As your employer of record in the UAE, we may be able to provide optional supplementary medical insurance coverage for professionals and their dependents at a more cost-effective rate.

UAE nationals are eligible for pensions and other retirement benefits after reaching age 50 with at least 20 years of employment. Employees, employers and the government contribute to the fund as follows:

  • Employees contribute 5% of their monthly salary.
  • Employers must contribute 15% of the employee’s salary.

Employees working in the UAE who come from countries that form the Gulf Cooperation Council (Saudi Arabia, Kuwait, Qatar, Bahrain and Oman) are entitled to pensions as established by their home countries.

Expat workers are not entitled to pensions but are entitled to severance or gratuity payments.

Workers’ compensation
In the case of a work-related injury or illness, the employer must file a report with the police and the Labor Ministry and pay the cost of medical treatment until the employee recovers or is deemed disabled.

If the injury or illness prevents the employee from working, the employer must pay the employee’s full salary for the period of convalescence or for six months, whichever is shorter.

If the convalescence lasts longer than six months, the employer must pay half the employee’s wages for an additional six months or until the employee recovers, is declared disabled or dies, whichever occurs first.

Employee onboarding with an employer of record in UAE

We write and validate all local employment contracts, streamlining the onboarding process for you and your employees in the UAE—all you have to do is provide relevant information and review and approve the employment agreement.

As your employer of record in the UAE, we will:

  • Schedule a welcome call to discuss HR and employment information for the UAE, as well as answer any questions
  • Prepare a customized employment contract in English and in Arabic (or other local language)
  • Share the employment contract and benefits information with the new employee for signature and review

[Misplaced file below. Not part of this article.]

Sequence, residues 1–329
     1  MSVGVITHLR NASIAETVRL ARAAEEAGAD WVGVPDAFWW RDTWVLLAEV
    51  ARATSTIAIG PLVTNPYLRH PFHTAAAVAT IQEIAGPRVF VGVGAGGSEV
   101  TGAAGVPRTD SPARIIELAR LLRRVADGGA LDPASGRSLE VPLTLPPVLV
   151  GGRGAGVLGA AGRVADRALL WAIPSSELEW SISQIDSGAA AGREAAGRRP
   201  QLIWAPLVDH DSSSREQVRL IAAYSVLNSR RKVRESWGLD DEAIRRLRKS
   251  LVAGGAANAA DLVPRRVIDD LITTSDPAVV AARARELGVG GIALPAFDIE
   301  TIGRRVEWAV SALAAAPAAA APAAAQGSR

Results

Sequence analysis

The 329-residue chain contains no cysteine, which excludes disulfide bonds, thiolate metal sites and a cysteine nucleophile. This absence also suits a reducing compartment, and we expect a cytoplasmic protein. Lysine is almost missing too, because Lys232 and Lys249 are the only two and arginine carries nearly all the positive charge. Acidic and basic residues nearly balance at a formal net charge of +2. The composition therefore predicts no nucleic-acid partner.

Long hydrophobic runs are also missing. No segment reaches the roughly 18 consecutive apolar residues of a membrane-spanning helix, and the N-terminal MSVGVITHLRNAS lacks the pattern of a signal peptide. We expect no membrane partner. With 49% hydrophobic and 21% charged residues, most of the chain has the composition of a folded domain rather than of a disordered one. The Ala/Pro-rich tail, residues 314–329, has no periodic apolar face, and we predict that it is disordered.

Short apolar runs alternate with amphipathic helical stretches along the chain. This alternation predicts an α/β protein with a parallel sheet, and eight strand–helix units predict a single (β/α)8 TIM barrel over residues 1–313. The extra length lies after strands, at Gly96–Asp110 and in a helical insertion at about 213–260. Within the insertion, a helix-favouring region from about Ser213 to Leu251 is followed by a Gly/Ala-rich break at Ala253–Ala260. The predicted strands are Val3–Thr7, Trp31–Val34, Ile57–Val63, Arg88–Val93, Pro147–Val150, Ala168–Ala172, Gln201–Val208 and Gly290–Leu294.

• Gather tax and banking information from the employee to set up payroll
  • Provide a local point of contact to the employee to answer any questions regarding their employment, local HR or payroll

The entire onboarding process for the employee is often completed in as little as two weeks.

Partner with Safeguard Global as your UAE employer of record and PEO

With over a decade of service, we are the longest-serving employer of record and PEO provider in the international market. Organizations around the world rely on Global Employment Outsourcing (GEO) to expand and hire in over 179 countries around the world, quickly and compliantly.

We’ve seen just about every global employment circumstance imaginable—and with our extensive knowledge of local law and culture, we know what it takes to get employment right in the UAE. We provide written contracts in the local language, salaries in the local currency and HR support in your employees’ time zone.

Additionally, as a global payroll provider we support payroll administration—including payments, filings and other calculations—in more than 150 countries and can accommodate the payroll outsourcing needs of any size organization.

Whether you’re looking to hire as part of a strategic expansion or to meet specific talent needs, our global solutions advisors can walk you through your international hiring options so you can make the right choice for your organization. Contact us today

The information provided on or through this website is for informational purposes only and does not constitute legal advice. Safeguard Global expressly disclaims any liability with respect to warranty or representation concerning the information contained herein, including the lost essence, interpretation, accuracy and/or completeness of the information in transit and language translation.

Let's talk about your employment needs in UAE

Learn more about Global Employment Outsourcing

Ready to employ in UAE?